About one in five adults experiences chronic acid reflux, a condition called gastroesophageal reflux disease (GERD). But this could be a low estimate since many treat their symptoms with over-the-counter medications, and it may never occur to them to talk to a doctor if they feel they have the condition under control.
Certainly, if your acid reflux symptoms occur only now and then and are easily controlled with consumer antacids, there’s likely no urgent need to seek medical attention. When symptoms increase in frequency or start to interfere with your daily routine, though, it may be time to visit Sheridan Ear, Nose & Throat for an examination. Dr. Scott N. Bateman and his team are standing by to help you find permanent relief.
Symptoms of acid reflux
Ideally, your digestive system is one-way, but sometimes a muscle at the top of the stomach weakens or fails and allows stomach acid to move backward into your esophagus. This can create a sensation called heartburn, though it’s not a universal symptom of acid reflux, nor does it have anything to do with the heart, other than that the sensation is felt behind the breastbone, near the heart.
While not everyone with acid reflux feels heartburn, it’s the most common symptom. Other symptoms that may accompany or replace heartburn include:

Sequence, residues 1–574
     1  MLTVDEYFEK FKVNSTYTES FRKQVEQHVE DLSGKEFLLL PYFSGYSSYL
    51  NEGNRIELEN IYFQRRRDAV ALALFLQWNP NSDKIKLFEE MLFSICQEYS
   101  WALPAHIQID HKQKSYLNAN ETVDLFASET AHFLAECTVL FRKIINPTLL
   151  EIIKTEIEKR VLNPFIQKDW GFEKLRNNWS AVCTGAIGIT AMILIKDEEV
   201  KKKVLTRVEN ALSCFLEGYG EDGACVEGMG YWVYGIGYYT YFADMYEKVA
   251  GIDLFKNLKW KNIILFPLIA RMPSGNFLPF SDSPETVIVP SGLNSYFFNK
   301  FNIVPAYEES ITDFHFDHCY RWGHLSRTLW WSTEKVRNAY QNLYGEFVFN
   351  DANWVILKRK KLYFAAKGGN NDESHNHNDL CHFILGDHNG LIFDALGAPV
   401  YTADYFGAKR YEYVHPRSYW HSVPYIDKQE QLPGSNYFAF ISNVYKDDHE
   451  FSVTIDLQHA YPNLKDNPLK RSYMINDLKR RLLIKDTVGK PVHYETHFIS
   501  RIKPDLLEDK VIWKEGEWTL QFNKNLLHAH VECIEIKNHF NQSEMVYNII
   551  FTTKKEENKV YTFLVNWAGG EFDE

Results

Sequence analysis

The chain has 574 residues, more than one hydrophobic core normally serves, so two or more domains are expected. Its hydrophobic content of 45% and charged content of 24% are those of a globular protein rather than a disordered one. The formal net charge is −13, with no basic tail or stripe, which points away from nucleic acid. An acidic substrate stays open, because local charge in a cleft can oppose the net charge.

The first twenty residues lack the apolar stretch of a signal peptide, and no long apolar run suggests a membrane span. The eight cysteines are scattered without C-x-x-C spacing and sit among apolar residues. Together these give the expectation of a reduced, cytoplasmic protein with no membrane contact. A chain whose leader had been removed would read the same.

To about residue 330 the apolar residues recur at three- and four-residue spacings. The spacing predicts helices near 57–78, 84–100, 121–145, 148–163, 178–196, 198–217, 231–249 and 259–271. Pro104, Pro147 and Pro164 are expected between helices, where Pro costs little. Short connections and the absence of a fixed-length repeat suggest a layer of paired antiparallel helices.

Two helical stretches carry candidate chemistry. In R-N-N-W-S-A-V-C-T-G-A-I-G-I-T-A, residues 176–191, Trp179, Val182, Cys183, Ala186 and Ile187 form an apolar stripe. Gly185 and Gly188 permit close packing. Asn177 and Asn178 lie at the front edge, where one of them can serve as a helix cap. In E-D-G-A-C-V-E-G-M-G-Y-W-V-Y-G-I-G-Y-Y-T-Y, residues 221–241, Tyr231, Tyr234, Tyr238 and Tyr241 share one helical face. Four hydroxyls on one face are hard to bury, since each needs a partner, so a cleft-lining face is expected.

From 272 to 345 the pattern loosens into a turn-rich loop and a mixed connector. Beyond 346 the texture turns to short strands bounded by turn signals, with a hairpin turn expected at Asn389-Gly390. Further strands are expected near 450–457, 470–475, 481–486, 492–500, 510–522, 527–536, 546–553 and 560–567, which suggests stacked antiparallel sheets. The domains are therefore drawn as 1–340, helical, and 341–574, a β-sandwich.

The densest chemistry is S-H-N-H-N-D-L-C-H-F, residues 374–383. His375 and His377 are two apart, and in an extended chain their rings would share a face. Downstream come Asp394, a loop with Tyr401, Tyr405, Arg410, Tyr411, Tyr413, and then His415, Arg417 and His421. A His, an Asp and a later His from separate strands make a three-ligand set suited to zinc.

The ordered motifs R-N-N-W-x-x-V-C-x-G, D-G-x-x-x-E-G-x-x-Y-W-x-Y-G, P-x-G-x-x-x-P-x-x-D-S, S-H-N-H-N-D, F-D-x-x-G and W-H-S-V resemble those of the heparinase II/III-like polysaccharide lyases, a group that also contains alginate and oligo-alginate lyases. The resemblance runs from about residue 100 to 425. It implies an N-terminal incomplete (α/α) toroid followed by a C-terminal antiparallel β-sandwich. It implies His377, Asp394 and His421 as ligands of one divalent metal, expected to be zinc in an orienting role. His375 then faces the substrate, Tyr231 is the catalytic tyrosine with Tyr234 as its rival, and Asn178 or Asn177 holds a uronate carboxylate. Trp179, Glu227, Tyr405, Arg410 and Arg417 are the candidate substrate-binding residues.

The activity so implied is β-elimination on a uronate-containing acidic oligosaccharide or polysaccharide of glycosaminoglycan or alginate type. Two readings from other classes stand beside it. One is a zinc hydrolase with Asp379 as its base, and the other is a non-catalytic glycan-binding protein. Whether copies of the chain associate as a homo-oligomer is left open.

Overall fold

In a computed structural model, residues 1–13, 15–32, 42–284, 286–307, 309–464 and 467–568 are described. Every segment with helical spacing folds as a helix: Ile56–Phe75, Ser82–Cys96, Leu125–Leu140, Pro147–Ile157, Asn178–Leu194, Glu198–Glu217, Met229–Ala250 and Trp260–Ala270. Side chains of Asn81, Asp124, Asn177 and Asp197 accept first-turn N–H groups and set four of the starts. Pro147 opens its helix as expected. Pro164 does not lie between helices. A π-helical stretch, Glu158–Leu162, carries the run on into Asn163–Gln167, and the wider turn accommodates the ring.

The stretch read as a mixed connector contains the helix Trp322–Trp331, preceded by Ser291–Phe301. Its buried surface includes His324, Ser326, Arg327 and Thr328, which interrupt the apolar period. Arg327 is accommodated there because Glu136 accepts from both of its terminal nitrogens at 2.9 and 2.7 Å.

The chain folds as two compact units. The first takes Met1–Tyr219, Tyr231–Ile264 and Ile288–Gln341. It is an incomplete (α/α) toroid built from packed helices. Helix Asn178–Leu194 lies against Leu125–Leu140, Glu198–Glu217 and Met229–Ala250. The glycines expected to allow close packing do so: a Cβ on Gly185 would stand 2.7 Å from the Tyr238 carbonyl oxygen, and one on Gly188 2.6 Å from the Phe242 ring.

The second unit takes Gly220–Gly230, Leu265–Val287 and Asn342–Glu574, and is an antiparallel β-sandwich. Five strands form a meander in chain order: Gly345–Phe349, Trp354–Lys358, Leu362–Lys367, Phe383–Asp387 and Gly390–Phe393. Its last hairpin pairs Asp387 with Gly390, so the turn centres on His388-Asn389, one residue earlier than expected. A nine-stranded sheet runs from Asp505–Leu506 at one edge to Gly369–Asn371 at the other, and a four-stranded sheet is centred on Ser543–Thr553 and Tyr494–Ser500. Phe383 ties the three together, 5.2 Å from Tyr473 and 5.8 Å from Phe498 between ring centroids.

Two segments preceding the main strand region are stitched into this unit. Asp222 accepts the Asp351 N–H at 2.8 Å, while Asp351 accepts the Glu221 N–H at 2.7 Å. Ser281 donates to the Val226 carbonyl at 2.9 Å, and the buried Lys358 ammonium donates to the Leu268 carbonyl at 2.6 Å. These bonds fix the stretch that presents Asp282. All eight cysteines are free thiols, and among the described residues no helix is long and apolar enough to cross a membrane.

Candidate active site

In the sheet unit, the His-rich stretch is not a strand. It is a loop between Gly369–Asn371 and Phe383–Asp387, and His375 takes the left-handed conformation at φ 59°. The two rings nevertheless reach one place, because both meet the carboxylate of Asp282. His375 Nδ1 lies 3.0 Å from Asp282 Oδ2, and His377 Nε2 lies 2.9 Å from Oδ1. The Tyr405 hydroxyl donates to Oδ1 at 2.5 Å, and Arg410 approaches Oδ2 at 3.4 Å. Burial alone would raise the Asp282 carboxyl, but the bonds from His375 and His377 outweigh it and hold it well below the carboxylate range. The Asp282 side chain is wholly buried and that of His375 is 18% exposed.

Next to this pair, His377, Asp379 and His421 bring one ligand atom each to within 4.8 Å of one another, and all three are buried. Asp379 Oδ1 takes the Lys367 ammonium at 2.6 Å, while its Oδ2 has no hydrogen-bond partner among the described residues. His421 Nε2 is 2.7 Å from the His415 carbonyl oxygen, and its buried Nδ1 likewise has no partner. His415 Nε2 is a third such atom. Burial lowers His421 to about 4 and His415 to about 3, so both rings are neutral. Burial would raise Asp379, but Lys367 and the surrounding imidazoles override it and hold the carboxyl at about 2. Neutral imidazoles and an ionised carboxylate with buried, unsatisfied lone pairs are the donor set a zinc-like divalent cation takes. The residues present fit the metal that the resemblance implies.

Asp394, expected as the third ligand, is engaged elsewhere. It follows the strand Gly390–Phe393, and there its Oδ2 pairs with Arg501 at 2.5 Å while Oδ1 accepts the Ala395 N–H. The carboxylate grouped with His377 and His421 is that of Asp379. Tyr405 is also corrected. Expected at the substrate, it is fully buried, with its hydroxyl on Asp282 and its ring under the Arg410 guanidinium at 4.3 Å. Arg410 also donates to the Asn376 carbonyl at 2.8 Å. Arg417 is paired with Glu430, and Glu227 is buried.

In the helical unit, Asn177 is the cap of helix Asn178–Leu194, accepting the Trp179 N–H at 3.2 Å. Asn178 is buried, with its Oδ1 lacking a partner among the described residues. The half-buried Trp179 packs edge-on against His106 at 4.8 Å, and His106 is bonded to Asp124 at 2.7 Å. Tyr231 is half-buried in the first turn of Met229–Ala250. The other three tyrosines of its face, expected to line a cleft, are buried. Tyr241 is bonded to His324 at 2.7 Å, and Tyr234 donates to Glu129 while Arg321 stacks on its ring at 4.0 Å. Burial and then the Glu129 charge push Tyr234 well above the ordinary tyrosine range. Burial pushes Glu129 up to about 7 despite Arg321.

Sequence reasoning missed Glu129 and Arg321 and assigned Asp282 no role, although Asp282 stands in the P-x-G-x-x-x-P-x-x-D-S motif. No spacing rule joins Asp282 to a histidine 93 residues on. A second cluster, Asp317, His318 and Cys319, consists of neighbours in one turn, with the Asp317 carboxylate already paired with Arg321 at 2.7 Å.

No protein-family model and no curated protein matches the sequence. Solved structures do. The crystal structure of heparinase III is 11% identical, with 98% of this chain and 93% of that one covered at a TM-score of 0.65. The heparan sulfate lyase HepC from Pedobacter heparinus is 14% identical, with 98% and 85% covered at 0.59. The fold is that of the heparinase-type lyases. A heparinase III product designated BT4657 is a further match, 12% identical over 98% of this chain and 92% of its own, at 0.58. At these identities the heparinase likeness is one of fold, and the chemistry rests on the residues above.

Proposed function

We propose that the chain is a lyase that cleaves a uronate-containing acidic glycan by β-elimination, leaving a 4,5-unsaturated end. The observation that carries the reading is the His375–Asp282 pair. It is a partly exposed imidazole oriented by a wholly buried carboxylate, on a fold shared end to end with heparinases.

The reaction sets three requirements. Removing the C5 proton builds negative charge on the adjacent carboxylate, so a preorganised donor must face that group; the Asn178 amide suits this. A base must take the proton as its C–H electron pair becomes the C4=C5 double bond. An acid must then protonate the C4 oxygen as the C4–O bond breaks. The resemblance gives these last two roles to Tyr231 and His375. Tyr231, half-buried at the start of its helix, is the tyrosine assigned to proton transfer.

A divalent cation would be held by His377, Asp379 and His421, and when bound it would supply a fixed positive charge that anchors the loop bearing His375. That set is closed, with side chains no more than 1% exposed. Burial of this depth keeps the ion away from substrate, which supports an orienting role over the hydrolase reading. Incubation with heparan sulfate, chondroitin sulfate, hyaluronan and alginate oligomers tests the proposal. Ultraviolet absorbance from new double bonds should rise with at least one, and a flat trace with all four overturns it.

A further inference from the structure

- Discomfort or pain when swallowing
- Difficulty breathing
- Bad breath or bad taste in your mouth
- Nausea and/or vomiting
When you suffer acid reflux symptoms more than two times a week for a period of about a month or longer, you may be diagnosed with GERD. Sometimes, changing lifestyle options may help relieve your symptoms, while in other cases, you’ll need medical attention and intervention.
Things you can change
Acid reflux and GERD have many contributing factors. When your symptoms become more frequent, consider these risk factors and make changes where you can.
- Alcohol consumption
- Smoking or exposure to tobacco smoke
- Reflux symptoms after eating large meals
- Drinking acidic beverages, including fruit juices
- Eating high-fat foods or foods prepared by frying
- Late-night meals or snacks
There may be acid reflux risk factors that are temporary or difficult to change on your own, such as pregnancy or being overweight, conditions that add pressure to the lower esophageal sphincter. Some types of drugs may also contribute to acid reflux and GERD, so reviewing your regular medications with Dr. Bateman is usually part of the examination process.
Urgent acid reflux symptoms
Seek medical advice sooner rather than later if:
- Symptoms become severe or suddenly increase in frequency
- OTC remedies don’t work, or you’ve been using them longer than two weeks
- You have difficulty swallowing solid food
- Stomach pain accompanies acid reflux symptoms
- You’re vomiting blood or black-colored substances
- You’re passing bloody or black bowel movements or have diarrhea
Contact Sheridan Ear, Nose & Throat whenever you struggle with acid reflux or GERD symptoms. Call the office directly at 307-672-0290, or request an appointment online. Dr. Bateman now accepts telehealth appointments to limit COVID-19 exposure.